Article in:Applied Pragmatics: Online-First Articles
Chinese EFL learners’ apology strategies
A multimodal perspective
This paper presents a multimodal analysis of apologies performed by Chinese EFL learners at two proficiency levels by considering their use of both verbal and nonverbal (i.e., gestures and gaze) strategies. The results showed that both groups used IFID (illocutionary force indicating device, which, in this study, refers to explicit apology strategies such as Sorry or Forgive me), explanation, and acknowledgment of responsibility strategies frequently, but the high proficiency participants tended to use more diverse IFID sub-strategies. Analysis of gestures also revealed significant between-group differences in the duration and frequency of the use of gestures, with the high proficiency group using more ideographic gestures (gestures which indicate specific meaning or help to express certain meaning, such as emblems, illustrators, and regulators) than their lower proficiency counterparts. Finally, the two groups differed significantly in gaze duration, but not in gaze frequency. These findings suggest that although both groups used nonverbal cues to supplement linguistic strategies of apology, they differed in how they used them. Furthermore, the results highlight the importance of employing a multimodal approach when attempting to gain a more comprehensive understanding of EFL speakers’ use of speech acts.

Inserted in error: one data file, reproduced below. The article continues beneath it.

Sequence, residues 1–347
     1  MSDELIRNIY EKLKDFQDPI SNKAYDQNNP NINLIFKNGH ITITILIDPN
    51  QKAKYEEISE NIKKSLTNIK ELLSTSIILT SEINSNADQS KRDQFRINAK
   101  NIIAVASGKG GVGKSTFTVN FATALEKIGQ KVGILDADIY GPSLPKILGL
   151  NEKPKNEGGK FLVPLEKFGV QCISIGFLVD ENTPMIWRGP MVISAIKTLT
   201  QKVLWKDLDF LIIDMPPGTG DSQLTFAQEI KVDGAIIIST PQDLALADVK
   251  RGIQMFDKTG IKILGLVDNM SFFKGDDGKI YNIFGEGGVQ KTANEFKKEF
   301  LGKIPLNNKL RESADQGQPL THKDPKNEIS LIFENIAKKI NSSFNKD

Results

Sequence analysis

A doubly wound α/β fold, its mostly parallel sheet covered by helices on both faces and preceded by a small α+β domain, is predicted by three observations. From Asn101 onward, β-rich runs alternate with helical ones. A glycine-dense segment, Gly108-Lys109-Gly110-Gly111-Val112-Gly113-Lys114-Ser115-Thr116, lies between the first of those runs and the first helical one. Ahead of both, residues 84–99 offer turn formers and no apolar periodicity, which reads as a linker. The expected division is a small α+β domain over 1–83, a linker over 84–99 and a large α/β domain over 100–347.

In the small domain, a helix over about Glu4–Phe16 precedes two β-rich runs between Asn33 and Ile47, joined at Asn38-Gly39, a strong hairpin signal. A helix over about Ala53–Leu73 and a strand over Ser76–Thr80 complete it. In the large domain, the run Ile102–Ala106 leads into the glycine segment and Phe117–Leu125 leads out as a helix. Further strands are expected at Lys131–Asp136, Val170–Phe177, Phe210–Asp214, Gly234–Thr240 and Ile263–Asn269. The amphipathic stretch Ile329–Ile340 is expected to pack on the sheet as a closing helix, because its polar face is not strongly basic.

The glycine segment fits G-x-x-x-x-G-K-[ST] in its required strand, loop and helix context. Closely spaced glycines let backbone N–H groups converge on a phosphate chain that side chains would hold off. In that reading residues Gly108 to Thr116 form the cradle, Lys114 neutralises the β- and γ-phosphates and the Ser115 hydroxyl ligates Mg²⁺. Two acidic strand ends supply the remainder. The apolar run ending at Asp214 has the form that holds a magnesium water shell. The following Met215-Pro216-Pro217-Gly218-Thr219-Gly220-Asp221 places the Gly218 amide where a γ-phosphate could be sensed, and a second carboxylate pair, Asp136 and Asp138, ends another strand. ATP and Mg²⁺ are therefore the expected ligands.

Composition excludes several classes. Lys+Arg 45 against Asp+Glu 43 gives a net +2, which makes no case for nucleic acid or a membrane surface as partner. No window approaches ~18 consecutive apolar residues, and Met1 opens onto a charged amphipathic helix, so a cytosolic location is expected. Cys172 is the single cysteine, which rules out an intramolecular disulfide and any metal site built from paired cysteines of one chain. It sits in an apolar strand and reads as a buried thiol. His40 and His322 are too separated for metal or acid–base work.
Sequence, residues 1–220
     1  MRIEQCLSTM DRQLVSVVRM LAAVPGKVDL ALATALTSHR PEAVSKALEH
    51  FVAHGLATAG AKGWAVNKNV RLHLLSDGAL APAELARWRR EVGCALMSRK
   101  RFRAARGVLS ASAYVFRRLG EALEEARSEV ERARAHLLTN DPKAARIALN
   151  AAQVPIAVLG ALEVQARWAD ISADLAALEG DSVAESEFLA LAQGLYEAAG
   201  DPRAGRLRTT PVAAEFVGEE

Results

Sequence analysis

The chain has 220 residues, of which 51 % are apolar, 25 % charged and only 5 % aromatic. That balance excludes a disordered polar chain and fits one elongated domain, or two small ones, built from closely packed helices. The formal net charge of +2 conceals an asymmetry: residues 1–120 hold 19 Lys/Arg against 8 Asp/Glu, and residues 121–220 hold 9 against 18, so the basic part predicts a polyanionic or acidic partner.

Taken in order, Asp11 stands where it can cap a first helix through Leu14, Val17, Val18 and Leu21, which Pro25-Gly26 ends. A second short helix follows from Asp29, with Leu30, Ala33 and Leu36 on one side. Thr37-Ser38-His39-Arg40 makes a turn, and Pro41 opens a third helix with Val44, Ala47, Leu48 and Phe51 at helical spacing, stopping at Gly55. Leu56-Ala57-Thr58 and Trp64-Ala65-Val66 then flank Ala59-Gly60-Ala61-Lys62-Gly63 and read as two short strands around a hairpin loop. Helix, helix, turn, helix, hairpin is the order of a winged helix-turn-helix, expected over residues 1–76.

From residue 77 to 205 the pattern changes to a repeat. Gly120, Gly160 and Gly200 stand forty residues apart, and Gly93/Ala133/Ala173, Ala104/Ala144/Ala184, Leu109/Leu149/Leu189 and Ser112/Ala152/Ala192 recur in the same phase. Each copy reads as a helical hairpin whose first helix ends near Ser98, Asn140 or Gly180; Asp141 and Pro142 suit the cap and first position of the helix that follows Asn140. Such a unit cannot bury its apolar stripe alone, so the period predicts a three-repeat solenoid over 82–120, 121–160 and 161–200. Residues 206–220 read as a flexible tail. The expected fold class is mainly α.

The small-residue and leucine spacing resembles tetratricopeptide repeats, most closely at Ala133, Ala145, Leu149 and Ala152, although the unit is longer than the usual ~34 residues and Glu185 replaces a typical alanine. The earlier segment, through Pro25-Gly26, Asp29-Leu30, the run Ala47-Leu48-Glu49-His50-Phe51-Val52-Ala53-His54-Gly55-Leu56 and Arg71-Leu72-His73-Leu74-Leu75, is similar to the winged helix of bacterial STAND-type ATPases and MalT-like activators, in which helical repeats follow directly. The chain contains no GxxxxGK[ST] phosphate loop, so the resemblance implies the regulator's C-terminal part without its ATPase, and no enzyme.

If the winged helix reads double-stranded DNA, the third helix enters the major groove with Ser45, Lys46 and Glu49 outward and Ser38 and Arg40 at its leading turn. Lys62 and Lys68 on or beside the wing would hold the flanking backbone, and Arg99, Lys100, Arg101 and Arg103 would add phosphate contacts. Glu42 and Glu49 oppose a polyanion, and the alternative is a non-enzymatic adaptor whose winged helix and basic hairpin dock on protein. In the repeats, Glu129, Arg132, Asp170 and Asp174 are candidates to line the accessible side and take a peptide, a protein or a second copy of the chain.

- 1.Introduction: Speech act of apology
- 2.Literature review: Overview of nonverbal resources
- 3.2Instrument: Role-play
- 3.3Data collection
- 3.4Data analysis
- 4.1Linguistic strategies of apology
- 4.2Nonverbal resources
- 5.Conclusion and implications of the study
Published online: 11 March 2022
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